Takashi's Noodles

June 24, 2009
They say if you get just one great recipe from a cookbook, it is worth the price. In that case, let me tell you about Spicy Eggplant Ja-Ja-Men Udon. Chef Yakashi Takashi, owner of Takashi's in Chicago describes this dish as a Japanese version of spaghetti and bolognese sauce. It's basically a spicy eggplant and ground pork sauce over noodles with peppers, spicy notes and a creamy sauce that is enriched with sesame paste. The recipe has 18 ingredients but I skipped a few altogether and used substitutions for a couple more and can't imagine it made any discernible difference. I didn't bother with the 1/2 cup dashi, 1/3 cup canned bamboo shoots, teaspoon of cornstarch or 3 Tablespoons of sake. I used Chinese chili garlic paste instead of a Japanese variety and Chinese sesame paste instead of tahini. I had to buy exactly 2 ingredients to make the dish, green peppers and ground pork. I could eat this dish every week! It is so comforting and at the same time exciting. The recipes vary in the number of ingredients but are generally not that difficult. They are all Asian or Asian-influenced but not all Japanese. You'll find crispy noodles, chilled ramen and cold soba, curry shrimp rice noodles even potato gnocchi with lemon butter sauce, scallops and sea urchin. These are restaurant dishes adapted for cooking at home.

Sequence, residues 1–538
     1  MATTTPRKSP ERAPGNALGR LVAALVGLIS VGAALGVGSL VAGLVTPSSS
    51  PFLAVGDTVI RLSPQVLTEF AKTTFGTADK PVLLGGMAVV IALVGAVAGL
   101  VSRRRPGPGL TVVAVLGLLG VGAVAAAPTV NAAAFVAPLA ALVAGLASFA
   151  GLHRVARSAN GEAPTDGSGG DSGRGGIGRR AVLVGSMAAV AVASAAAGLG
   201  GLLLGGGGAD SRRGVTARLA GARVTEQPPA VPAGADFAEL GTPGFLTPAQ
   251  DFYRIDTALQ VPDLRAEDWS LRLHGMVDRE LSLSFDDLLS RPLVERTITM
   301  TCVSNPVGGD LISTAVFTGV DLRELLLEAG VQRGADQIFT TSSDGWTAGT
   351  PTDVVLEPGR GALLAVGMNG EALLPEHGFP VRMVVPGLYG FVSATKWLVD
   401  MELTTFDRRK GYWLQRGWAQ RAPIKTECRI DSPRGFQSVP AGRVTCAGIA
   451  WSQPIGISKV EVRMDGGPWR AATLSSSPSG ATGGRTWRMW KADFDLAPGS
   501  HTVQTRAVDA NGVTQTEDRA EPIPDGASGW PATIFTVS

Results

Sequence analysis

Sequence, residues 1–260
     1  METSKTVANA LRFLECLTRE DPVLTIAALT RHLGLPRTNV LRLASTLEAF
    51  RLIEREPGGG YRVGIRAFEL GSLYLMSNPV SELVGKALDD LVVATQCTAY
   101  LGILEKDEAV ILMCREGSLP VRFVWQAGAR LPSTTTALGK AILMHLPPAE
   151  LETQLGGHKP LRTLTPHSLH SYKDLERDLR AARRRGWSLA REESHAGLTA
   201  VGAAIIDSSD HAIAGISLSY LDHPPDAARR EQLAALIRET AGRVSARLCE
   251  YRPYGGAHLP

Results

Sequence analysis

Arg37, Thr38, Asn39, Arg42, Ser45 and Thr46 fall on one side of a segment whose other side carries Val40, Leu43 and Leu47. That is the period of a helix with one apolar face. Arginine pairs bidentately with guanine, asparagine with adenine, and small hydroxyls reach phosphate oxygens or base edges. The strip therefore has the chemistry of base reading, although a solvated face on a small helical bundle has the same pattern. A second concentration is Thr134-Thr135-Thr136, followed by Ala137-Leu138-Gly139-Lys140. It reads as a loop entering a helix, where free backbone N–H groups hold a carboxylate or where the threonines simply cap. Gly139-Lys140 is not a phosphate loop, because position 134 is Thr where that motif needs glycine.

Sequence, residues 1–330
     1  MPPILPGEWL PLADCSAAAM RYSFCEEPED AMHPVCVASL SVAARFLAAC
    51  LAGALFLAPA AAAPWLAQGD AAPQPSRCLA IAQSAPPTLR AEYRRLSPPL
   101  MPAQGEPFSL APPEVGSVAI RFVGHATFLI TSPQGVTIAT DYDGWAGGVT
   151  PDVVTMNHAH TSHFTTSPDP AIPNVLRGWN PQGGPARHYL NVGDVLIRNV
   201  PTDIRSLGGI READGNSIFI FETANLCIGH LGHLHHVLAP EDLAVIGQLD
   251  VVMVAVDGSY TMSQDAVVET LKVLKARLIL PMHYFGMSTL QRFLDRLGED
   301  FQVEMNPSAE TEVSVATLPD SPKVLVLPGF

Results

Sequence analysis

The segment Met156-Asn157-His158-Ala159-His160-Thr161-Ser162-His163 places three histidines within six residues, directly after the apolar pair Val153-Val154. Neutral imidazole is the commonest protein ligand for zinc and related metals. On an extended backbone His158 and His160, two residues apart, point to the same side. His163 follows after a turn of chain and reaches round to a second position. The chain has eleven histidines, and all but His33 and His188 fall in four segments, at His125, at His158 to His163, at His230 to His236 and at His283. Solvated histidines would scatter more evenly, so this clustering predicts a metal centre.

I was on a mission to try as many top-rated ramen joints as I could in Hawaii . While I'm still nowhere near satisfied with the ramen choices in San Francisco, I am pleased that on June 24th from 6:30 - 8:30 pm there will be a special program at the San Francisco Ferry Building called For the Love of Ramen sponsored by the Asian Culinary Forum. Andy Raskin, author of The Ramen King and I, Eric Nakamura, publisher and co-editor of the Asian-American pop culture magazine, Giant Robot and George Solt, assistant professor of history, New York University will be talking about ramen, a Japanese version of a Chinese noodle dish, with a history spanning the post World War II period all the way till today and including the instant version that has become so ubiquitous. There will be refreshments of course, and great conversation. As a side note, I've been to every Asian Culinary Forum event and they have all been very well-organized, good fun and offered plenty of food for thought.

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